The top two people running Voice of America have resigned in the wake of the confirmation of a new CEO of the parent U.S. Agency for Global Media (USAGM).
The Senate June 4 approved the nomination of conservative documentary filmmaker Michael Pack as head of the U.S. Agency for Global Media (USAGM) with the title CEO of the Broadcasting Board of Governors.
VOA director Amanda Bennett and her deputy, Sandra Sugawara, resigned June 15, VOA reported, saying that gives Pack the freedom to replace them with his own picks.
They sought to reassure the staff, according to VOA. "[N]othing about you, your passion, your mission or your integrity, changes' with Pack’s takeover of VOA and other U.S. government media organizations," it reported.
“Michael Pack swore before Congress to respect and honor the firewall that guarantees VOA’s independence, which in turn plays the single most important role in the stunning trust our audiences around the world have in us,” they added.
Pack's nomination was held up for a couple of years by Democrats concerned about his ties to conservative Trump confidant Steve Bannon.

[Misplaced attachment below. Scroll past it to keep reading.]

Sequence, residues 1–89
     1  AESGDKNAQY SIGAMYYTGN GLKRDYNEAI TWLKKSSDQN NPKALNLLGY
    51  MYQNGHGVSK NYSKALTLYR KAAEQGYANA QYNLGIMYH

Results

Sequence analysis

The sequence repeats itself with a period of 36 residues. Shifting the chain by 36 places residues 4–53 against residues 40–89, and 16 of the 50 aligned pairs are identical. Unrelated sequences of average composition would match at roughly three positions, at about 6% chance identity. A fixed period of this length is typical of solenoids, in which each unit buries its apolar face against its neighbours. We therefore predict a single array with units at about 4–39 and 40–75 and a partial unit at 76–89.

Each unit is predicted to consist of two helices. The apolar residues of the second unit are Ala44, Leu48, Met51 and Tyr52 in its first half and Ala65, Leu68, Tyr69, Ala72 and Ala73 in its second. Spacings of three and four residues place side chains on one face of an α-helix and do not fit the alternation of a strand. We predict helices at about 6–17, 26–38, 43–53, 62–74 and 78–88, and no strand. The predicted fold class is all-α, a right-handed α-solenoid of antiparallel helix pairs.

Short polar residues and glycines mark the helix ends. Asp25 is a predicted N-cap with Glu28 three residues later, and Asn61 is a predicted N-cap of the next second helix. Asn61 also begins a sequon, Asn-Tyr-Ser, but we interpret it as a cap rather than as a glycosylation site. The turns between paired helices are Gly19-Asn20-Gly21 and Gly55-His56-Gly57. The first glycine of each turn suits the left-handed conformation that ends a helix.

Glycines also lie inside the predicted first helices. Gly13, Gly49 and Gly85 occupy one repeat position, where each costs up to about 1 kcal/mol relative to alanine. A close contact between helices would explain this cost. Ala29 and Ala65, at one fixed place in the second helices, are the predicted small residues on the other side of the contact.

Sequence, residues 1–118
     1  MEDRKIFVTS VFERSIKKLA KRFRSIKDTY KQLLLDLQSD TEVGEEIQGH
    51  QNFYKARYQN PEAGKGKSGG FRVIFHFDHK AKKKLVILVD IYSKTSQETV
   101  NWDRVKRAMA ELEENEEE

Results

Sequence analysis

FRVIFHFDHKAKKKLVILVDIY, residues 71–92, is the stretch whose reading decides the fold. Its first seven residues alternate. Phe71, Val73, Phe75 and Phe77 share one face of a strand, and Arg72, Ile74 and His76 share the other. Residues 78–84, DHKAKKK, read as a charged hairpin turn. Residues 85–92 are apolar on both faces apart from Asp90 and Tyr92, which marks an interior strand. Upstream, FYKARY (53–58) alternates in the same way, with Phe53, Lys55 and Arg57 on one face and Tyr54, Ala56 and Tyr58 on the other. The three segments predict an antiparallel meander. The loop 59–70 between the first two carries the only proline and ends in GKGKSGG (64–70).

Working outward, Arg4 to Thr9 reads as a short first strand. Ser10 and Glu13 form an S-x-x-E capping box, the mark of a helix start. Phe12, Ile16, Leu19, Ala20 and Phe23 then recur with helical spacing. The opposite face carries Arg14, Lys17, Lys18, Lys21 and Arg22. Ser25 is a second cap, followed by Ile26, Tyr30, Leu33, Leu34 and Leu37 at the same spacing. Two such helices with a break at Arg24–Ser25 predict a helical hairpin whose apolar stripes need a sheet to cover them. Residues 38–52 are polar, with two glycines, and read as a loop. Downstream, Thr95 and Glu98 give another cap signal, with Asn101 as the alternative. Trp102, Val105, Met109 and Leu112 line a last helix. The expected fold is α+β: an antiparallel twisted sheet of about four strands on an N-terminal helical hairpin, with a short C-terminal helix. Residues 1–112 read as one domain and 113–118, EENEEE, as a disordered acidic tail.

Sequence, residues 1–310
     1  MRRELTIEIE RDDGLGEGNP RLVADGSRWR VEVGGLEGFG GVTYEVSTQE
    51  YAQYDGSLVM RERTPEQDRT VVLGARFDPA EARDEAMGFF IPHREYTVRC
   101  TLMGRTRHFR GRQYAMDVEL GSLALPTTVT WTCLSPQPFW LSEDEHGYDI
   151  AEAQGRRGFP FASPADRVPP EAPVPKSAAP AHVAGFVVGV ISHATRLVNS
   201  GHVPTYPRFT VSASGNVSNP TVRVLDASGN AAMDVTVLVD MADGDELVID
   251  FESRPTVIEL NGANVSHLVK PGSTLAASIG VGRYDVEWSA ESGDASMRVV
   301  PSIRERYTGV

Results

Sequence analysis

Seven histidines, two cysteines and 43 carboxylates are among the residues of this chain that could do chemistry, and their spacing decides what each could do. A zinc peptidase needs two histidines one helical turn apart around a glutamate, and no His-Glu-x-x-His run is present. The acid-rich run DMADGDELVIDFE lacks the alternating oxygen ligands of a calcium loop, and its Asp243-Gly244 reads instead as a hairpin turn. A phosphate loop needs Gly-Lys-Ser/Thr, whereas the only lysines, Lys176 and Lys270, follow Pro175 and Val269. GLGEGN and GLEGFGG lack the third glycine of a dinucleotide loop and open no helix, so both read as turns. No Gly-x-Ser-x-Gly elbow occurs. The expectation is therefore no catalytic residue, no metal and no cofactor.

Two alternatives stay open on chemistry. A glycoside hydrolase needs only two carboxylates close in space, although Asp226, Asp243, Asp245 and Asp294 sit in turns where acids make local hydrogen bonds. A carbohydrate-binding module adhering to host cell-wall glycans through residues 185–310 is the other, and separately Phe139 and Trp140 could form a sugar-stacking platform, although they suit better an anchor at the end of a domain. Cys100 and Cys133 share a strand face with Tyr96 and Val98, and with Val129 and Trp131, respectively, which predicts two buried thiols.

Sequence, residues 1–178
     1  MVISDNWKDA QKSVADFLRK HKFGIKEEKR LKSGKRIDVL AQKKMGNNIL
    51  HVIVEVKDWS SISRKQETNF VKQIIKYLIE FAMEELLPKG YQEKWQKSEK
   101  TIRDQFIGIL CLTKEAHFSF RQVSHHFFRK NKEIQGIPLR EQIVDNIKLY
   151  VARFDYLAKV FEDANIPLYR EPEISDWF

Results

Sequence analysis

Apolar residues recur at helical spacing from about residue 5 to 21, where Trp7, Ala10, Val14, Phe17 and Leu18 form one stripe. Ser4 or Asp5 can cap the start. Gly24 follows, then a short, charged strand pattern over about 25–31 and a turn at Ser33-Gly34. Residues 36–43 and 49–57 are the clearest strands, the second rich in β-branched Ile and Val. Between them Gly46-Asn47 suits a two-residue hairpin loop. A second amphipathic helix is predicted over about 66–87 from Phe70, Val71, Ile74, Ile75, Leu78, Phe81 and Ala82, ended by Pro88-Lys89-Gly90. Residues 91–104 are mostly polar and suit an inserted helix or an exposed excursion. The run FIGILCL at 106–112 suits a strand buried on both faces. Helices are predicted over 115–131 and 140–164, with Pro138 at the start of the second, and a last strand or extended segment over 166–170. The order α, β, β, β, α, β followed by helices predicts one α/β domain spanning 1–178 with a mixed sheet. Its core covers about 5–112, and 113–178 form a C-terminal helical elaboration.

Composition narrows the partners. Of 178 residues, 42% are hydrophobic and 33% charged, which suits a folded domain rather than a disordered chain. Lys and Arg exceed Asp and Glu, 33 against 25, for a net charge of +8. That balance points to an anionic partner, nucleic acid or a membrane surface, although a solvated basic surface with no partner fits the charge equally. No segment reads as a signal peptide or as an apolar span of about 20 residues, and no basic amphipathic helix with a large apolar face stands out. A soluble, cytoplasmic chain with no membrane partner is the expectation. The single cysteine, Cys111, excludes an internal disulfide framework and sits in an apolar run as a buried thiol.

The New York Times reported that the nomination holdup was also tied to an investigation into the funding relationship between Pack's nonprofit and for-profit film group.
USAGM oversees government-funded independent news outlets providing info to countries where press freedom is problematic. Those outlets include the iconic Voice of America, which Trump attacked during the press conference, saying what was coming out of VOA was "disgusting."
In pushing for funding cuts for international broadcasting, the White House said that it has concluded that "information statecraft and public diplomacy programs by the U.S. Government have been tepid, fragmented, and not fully effective in countering the exploitation of information by U.S. rivals." The Administration has said it doesn't want to continue to fund projects whose effectiveness is unknown and whose efforts are not coordinated across government agencies.
VOA and the other outlets used to be overseen by the Broadcasting Board of Governors, but the President moved to a CEO-led model.
Pack is president of film and TV production company Manifold Productions where he has written and directed documentaries (God and the Inner City, The Fall of Newt Gingrich, Campus Culture Wars: Five Stories about Political Correctness), principally for PBS. He served as SVP of TV programming for the Corporation for Public Broadcasting in 2003-2006 and in 2002-2005 served on the National Council on the Humanities.
Pack is no stranger to VOA, having served as director of WORLDNET, which is now VOA-TV.
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